GETTING TO KNOW YOU: GRACE ESTRADA, FROM STRUGGLE TO PROMISE TO PROFESSOR
How did you end up teaching Psychology?
My journey to teaching Psychology was not a straightforward one. I cannot say that I grew up planning to be a Psychologist. Even though I was raised in Toronto, Canada, mine was a stereotypical Asian household in which my siblings and I were encouraged to either go into medicine or engineering. I had grandiose plans to be a pediatrician and even volunteered for several years as a “candy striper.” All those plans were sidetracked when I ended up being a teen mom.
As a result, I actually consider being a parent my first career because I have been a mother literally my entire adult life. When I moved to California with my then-husband and two children, I had nothing more than a high-school education, no work experience, and, unbeknownst to me, no legal immigration status. I took classes at EVC at the urging of my parents and against my then-husband’s permission. Retrospectively, I see that I was extremely vulnerable like too many women in similar situations.
EVC will always have a special place in my heart because there were many people at EVC who mentored, supported, and helped me through a very challenging time in my life when I suddenly found myself an illegal immigrant and single parent just trying to survive. It was only because I had incredible professors who believed in me that I was even able to graduate from EVC summa cum laude in 2000.
Shortly afterward, I worked at Sun Microsystems as a UNIX System Administrator. When my job was outsourced, I trained to be a financial advisor. It did not take me long, once I worked in the industry, to realize that it did not suit me at all.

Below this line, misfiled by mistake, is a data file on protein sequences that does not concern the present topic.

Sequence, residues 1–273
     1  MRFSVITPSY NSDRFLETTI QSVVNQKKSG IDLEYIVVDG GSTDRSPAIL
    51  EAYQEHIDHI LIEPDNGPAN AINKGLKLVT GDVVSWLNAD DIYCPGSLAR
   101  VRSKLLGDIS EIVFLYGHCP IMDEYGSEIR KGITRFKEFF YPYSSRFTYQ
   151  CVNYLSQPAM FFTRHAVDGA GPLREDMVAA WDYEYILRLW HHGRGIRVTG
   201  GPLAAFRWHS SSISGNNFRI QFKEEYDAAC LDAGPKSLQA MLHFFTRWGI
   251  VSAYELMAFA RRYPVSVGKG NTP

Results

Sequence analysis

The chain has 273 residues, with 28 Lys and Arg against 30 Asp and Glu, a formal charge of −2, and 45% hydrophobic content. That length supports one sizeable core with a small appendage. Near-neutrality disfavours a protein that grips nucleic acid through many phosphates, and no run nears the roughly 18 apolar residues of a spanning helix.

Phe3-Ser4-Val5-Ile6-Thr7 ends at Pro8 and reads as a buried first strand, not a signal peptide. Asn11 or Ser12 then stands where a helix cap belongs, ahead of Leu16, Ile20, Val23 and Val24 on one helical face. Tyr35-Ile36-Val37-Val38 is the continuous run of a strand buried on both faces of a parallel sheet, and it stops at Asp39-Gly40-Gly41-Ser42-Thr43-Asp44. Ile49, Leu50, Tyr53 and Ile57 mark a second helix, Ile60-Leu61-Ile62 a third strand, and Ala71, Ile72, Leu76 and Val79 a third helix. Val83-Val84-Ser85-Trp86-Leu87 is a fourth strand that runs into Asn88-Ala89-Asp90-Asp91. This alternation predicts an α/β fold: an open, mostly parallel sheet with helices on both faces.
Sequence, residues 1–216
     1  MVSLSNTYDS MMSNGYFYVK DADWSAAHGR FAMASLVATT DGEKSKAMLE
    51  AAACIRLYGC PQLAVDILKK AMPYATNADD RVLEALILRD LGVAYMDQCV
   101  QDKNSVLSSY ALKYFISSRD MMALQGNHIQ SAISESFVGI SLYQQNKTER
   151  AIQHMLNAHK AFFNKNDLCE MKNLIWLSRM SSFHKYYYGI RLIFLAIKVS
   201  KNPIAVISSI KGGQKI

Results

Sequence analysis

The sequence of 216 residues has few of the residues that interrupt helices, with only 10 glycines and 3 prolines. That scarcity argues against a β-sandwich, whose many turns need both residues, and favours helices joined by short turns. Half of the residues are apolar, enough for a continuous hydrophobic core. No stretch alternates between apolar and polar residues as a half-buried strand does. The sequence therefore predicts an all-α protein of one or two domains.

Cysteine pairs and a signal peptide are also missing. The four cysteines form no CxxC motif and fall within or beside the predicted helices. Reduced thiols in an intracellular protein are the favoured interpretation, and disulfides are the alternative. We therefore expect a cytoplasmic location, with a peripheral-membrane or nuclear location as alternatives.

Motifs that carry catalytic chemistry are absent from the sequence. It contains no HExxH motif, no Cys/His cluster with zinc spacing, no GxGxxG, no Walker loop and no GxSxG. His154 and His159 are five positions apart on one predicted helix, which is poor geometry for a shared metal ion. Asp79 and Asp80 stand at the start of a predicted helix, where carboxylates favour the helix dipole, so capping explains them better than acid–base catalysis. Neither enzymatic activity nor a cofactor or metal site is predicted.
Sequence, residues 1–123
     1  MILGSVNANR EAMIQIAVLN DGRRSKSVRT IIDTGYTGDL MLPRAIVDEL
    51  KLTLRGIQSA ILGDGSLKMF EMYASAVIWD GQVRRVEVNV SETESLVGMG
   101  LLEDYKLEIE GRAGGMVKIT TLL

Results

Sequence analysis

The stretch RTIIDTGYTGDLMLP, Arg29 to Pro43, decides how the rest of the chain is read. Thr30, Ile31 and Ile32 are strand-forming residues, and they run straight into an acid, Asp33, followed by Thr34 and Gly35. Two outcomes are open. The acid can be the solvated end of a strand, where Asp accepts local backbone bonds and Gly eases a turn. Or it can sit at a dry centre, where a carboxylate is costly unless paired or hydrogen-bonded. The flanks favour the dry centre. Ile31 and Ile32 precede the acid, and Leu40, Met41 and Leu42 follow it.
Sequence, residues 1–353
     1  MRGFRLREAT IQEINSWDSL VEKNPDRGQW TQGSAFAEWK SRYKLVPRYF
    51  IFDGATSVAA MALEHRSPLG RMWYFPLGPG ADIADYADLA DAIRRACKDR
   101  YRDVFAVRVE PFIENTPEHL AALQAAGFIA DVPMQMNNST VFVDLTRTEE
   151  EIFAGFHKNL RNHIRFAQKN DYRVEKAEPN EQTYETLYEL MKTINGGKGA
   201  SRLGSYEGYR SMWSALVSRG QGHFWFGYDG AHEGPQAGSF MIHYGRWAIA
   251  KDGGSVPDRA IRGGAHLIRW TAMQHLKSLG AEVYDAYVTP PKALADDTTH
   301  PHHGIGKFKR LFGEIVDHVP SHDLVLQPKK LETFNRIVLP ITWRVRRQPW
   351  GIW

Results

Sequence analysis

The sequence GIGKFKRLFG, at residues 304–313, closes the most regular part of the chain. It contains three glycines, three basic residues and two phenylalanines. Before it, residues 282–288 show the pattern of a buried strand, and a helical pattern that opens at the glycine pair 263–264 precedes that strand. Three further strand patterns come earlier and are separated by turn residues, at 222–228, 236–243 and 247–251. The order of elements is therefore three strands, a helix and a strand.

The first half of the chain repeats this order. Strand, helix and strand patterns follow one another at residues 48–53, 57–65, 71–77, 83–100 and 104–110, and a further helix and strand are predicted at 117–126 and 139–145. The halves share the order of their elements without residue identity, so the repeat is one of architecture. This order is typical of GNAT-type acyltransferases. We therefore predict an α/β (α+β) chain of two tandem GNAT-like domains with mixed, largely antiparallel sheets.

After much soul-searching, I realized that teaching others was what brought me the greatest joy in these disparate industries, whether it was about their computer systems or personal finances. This is what led me to go back to EVC and take the Psychology courses I needed to transfer to San Jose State University (SJSU) and complete my bachelor’s degree in psychology.
During this time, I remarried and became a mom to a beautiful baby girl. Just before I transferred to SJSU, I was in an accident that left me with three ruptured discs in my lower vertebrae. I was on crutches for six months and even had to use a wheelchair. With unwavering support from my husband, I graduated from SJSU with a 4.0 and was accepted into the Developmental Psychology Doctoral program at UC Santa Cruz on a Cota Robles Fellowship. Shortly after I started working at EVC as an associate faculty member, I completed my Ph.D. in Developmental Psychology.
What is your role at EVC now?